SEOUL, Feb. 17 (Xinhua) — South Korea’s money supply kept growing in December amid the record-low policy rate, central bank data showed Wednesday.
The M2, or broad money, came in at 3,191.3 trillion won (2.88 trillion U.S. dollars) in December, up 9.8 percent from a year earlier, according to the Bank of Korea (BOK).
The money supply continued to rise as the BOK left its benchmark interest rate unchanged at a record low of 0.50 percent since May last year.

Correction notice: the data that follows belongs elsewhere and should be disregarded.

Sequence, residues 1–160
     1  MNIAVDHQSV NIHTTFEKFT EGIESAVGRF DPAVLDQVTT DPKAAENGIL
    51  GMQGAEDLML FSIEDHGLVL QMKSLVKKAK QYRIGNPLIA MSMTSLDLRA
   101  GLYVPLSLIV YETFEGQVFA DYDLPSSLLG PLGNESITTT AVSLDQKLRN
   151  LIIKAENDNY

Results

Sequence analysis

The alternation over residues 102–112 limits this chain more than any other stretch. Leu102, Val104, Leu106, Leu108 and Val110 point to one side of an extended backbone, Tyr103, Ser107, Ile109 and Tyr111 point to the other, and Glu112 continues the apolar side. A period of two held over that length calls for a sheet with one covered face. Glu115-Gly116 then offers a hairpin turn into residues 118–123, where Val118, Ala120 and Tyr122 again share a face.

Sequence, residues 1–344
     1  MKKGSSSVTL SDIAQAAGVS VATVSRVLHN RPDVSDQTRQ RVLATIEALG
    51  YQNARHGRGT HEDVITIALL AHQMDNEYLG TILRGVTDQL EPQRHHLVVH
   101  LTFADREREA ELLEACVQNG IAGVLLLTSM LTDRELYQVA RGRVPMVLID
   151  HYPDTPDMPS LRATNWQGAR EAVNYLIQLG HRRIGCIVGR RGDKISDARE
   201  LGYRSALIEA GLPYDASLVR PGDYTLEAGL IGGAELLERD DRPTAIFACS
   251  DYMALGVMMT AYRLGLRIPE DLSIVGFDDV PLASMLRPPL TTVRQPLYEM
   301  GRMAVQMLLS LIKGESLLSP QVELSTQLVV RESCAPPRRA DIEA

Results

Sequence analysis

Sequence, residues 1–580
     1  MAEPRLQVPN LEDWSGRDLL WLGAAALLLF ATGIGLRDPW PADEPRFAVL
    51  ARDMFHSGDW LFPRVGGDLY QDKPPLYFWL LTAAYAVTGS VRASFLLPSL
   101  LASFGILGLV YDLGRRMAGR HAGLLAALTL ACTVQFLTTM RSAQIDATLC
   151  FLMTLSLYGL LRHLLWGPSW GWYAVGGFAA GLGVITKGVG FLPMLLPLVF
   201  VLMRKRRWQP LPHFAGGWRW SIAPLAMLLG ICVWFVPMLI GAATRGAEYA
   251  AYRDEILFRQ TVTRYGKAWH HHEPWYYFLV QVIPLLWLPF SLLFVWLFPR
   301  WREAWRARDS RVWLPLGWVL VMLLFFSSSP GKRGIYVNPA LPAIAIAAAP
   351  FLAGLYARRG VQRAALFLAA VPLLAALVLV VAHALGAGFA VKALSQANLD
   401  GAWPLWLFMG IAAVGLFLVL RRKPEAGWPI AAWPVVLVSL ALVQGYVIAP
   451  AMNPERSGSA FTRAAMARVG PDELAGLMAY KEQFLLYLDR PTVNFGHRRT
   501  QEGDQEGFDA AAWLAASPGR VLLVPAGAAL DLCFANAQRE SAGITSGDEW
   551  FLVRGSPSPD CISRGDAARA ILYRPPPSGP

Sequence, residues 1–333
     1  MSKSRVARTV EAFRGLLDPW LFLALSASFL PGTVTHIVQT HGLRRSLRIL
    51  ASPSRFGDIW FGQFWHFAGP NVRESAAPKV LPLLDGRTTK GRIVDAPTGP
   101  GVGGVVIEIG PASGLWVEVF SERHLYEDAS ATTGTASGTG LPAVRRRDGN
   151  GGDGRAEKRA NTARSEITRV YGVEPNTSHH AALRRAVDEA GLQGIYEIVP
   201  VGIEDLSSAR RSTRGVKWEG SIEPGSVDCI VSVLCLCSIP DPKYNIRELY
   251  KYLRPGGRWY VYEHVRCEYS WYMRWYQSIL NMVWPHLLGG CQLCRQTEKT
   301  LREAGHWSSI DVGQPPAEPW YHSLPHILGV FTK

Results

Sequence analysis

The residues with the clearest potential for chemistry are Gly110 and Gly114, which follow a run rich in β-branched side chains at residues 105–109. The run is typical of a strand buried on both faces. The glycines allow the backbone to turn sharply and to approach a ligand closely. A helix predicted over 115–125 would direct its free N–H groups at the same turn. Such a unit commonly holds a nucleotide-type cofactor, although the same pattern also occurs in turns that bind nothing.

The M1, or narrow money, surged 25.6 percent in December from a year ago.
The M1 refers to currency in circulation, demand deposit and transferable savings deposit equivalent to cash. The M2 adds money market fund, time deposit and financial products that mature in less than two years to M2.
The liquidity on financial institutions, called Lf, gained 8.4 percent in the cited month. The year-over-year expansion of liquidity aggregate, the broadest measure of money supply, was 8.3 percent.
The Lf includes financial products with a maturity of more than two years and liquidity at insurers and brokerages along with M2. The liquidity aggregate adds state and corporate bonds to the Lf. Enditem